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The Student-Run News Site of Carnegie Vanguard High School

Upstream News

The Student-Run News Site of Carnegie Vanguard High School

Upstream News

Op-Ed: The Houston Rodeo and its outdated charm

Last+years+Houston+Rodeo+and+Livestock+show+from+the+inside+of+the+NRG+stadium
Roxell Bonilla
Last year’s Houston Rodeo and Livestock show from the inside of the NRG stadium

The Houston Livestock Show and Rodeo is a beloved event capturing the essence of being a true Texan with a mix of carnival fun, dangerous rides, live performances from top artists, fattening foods and more. The Rodeo comes around only once a year and as Houstonians, we feel like it is a necessity to put on our Western attire and make it out to NRG Stadium at least once. At first glance, the rodeo is full of exciting eventful activities to take part in, but behind its beautiful neon lights and rowdy crowds, the event seems to be getting a bit old.

Lines are long, restrooms are gross and you will either sweat through your cowboy hat or freeze waiting in line.

Tickets start at $20, not including admission, yet this only buys you the bare minimum experience of the Houston Rodeo.  Despite this heavy-lifting price tag, the rodeo generates roughly $150 million a year reflecting its never-ending popularity in Houston.

However, recently the rodeo has taken a decline in entertainment, specifically in concert lineups. A few years ago, the rodeo had artists such as Cardi B, Jon Pardi, Midland and so many more well-known artists. This year, they have many unusual artists that are intended to cater to different Houston crowds. The majority of the Houston crowd is not very fond of other than the well-known 50 Cent, Luke Bryan, Major Lazer and your typical rodeo performers that return almost every year. The heavy shift sparked many debates about whether it is truly a good idea to go to the rodeo this year.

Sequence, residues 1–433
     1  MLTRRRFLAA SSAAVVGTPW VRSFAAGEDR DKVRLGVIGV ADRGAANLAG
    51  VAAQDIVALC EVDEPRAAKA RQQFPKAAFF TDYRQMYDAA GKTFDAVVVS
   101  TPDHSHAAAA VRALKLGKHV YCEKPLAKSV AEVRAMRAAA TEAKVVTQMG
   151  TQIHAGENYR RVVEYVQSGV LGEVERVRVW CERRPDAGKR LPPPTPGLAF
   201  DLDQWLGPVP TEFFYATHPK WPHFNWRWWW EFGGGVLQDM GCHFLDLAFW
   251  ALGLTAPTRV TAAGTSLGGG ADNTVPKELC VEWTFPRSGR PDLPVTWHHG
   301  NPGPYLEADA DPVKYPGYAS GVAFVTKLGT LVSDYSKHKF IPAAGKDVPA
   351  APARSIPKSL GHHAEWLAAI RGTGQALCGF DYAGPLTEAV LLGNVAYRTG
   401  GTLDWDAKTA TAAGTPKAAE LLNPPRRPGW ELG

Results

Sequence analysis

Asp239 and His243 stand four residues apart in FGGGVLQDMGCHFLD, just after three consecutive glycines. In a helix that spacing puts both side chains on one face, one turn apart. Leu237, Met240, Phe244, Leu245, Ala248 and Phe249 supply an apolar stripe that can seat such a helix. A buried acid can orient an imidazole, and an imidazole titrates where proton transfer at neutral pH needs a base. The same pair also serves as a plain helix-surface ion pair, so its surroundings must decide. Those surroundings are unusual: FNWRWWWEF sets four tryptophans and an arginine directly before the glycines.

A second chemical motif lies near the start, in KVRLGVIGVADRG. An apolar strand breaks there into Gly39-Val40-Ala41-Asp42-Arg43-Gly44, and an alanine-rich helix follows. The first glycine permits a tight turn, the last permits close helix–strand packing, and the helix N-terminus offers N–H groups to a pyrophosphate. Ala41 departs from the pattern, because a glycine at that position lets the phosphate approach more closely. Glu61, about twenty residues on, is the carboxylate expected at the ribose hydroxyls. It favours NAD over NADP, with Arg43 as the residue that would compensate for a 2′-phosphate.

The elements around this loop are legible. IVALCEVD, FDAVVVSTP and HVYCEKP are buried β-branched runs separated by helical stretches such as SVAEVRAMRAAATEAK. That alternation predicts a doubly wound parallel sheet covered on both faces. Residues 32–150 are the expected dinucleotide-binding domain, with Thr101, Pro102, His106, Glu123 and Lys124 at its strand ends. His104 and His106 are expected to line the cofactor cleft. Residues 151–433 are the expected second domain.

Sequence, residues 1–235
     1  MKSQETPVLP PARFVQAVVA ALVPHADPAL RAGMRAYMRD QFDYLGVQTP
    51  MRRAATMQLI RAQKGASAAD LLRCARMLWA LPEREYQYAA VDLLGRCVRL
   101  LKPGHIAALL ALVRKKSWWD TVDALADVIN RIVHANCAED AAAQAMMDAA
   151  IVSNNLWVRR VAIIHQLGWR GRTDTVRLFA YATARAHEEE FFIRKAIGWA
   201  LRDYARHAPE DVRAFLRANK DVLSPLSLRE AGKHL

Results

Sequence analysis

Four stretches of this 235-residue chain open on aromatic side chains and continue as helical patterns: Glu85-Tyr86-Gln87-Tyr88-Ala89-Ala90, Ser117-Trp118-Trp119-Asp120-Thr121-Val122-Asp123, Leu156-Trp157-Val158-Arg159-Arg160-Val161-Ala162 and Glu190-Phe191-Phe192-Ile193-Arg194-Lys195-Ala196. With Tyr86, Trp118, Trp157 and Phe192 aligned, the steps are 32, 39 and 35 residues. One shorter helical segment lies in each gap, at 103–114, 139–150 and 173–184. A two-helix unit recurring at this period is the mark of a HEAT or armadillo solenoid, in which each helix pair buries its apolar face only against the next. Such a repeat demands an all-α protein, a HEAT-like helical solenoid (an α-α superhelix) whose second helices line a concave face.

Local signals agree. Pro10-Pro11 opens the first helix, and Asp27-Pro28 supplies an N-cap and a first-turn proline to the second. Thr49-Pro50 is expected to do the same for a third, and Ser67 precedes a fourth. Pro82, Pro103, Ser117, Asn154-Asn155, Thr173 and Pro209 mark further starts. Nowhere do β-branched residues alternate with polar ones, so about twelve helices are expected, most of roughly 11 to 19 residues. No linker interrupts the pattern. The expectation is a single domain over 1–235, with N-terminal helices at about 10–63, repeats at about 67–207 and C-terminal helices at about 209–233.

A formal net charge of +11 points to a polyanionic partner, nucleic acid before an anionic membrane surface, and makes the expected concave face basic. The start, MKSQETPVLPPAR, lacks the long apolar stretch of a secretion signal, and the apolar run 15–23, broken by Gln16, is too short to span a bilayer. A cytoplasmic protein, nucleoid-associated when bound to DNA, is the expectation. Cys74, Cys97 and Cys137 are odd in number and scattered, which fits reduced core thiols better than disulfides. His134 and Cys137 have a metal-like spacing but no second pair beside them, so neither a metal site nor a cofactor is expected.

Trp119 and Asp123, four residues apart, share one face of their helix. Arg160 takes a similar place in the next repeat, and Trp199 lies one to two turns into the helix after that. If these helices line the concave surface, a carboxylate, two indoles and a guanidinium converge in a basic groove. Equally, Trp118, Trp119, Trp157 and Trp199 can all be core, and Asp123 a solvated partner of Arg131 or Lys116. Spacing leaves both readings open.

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The atmosphere of the rodeo is usually targeted towards an older audience, which tends to be less inviting to young crowds such as high school students and younger children. It has become more of a challenge each year for younger crowds to enjoy rides and games as the rodeo separates the “older” crowd from the “younger” crowd by driving a wedge between the fun and exciting carnival games and the toned-down subtle rides available to each demographic.

Nonetheless, when you think about children at the rodeo, the most they are getting out of it is a trip to the petting zoo, a ride on the small Ferris wheel, the 2-story jungle gym, and possibly a singular plushie from the overpriced, hard-to-win games the rodeo has to offer.

Keeping this in mind, the rodeo has exponentially increased in difficulty in the games they have to offer. Going from being able to make every bucket to the rim getting further and more deformed each year. Furthermore, the price of buying tickets to play games used to be $10 for maybe five to six games if you played it smart, but now $10 will only cover two to three small games which offer small prizes that end up being lost as you make your way through the 2.1 million square feet of the rodeo.

With the lack of changes and innovation in the rodeo, it has become more and more predictable year by year, making each trip to the rodeo more of a hassle and less of an enjoyment.

About a year ago, during rodeo season, being at the rodeo was boring. Walking around trying to find games to play or rides to get on, but it was the same thing at every turn and corner. In the past, the iconic “WINNER, WINNER, WINNER” would be loud and proud, but this time around, there was none. The annoyance became a bitter silence. The nostalgic sound was drowned out by the people walking around. I did not win a single prize that day, even after spending over $70 on just tickets. My childhood felt crushed. But, I still went back three more times after to redeem myself.

Despite all the criticism the rodeo receives year by year, it is still a cherished memory and tradition for many Houstonians alike. Spend time with the people they love, share their interest in livestock, and show off their inner Texan through cowboy boots, hats and attire. Though it tends to always fall short on offering a more enticing visit, the small souvenirs and endless pictures fill the rodeo with enjoyable everlasting moments.

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About the Contributors
Roxell Bonilla, Sports Editor
Roxell is a senior at CVHS. She loves sports of all kinds, especially soccer and volleyball, and even runs some sports clubs here at Carnegie. She also loves frogs, with the cute tree frog being one of her favorites. She has three dogs and four cats at home—one of which is named Kiwi.
Daniella Lopez, Staff Writer
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